One particularly striking incident finds the censor, after the cinema involved has had a week's worth of screenings purchased so that regular patrons can't witness the odd revolt occurring on the screen, being spoken to directly by an actress in the film. She tells him how much of an impact his role in awarding her a jury prize had on her career. His reaction, and given the circumstances it's not an altogether unfounded one, is something between disbelief and unease. The censor seems to realize how much in conflict his current position is to his background and, probably, the aspirations and thoughts he once had. Marczewski's film transcends its political ideas through the censor character and his very guarded personal struggles which come to light because of the "rebellion" at the cinema. As with the other films in this set, I found the human element to be the most persuasive here, and an easy entry point into a picture which has universal elements but very specific particulars owing to its Polish origins.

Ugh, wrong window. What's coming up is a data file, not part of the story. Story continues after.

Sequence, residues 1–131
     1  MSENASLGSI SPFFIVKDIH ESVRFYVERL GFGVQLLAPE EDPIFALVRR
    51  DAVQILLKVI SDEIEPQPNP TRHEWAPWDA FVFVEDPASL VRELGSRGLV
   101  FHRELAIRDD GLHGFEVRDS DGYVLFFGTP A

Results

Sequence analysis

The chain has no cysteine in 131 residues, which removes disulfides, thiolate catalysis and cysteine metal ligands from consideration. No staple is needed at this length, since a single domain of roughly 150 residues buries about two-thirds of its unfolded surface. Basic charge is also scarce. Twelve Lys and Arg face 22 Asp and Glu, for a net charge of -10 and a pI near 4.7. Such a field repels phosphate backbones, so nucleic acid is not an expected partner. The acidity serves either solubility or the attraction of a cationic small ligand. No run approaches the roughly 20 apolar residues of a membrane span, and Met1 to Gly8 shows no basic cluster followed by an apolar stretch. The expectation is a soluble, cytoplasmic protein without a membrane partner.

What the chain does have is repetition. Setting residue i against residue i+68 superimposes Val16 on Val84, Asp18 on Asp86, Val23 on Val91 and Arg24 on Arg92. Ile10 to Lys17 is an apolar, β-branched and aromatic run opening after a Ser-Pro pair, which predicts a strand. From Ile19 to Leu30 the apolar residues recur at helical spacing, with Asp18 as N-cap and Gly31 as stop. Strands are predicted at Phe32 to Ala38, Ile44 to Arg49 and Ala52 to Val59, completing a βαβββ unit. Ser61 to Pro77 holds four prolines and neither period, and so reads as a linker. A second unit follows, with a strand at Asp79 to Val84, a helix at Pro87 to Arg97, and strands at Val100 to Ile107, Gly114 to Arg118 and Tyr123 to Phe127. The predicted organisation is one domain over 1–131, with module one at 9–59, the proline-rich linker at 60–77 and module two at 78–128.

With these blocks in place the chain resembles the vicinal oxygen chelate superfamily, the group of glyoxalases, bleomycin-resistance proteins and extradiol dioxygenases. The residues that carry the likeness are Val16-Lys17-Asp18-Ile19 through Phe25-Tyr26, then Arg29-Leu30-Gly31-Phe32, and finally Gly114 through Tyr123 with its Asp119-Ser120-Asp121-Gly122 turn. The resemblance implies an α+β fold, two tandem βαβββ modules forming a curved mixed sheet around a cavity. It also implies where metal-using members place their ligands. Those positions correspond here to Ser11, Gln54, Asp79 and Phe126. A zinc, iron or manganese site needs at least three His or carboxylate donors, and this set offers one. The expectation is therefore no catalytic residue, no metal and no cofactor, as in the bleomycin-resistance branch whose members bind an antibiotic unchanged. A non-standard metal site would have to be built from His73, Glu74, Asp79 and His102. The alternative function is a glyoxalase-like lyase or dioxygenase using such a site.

This region-free PAL set consists of three DVDs which are given individual keepcases (with booklets) and housed in a slipbox. All discs are dual-layered and contain newly filmed interviews with the respective directors. It's a welcome continuation of Second Run DVD's first Polish Cinema Classics release.
Each film was recently given a sparkling restoration in its native Poland and, as such, looks exceptionally good here. These progressive transfers are more or less spotless, exhibiting no glaring damage to speak of, and little about which to quibble. Maybe there's a slight thickness at times to The Promised Land or a somewhat grainy quality to Illumination or an overall dark, drabness to Escape from the "Liberty" Cinema, but all of this seems generally faithful to the source material and appropriate. Illumination probably appears the brightest and also varies the most in quality. The Promised Land has a generally reserved color palette but does come to life a bit when the warmer reds pop up on screen. For its part, Escape looks sufficiently natural in the greys and browns which dominate. The Promised Land and Illumination are in the 1.66:1 aspect ratio while Escape is presented in 1.85:1. All are enhanced for widescreen televisions.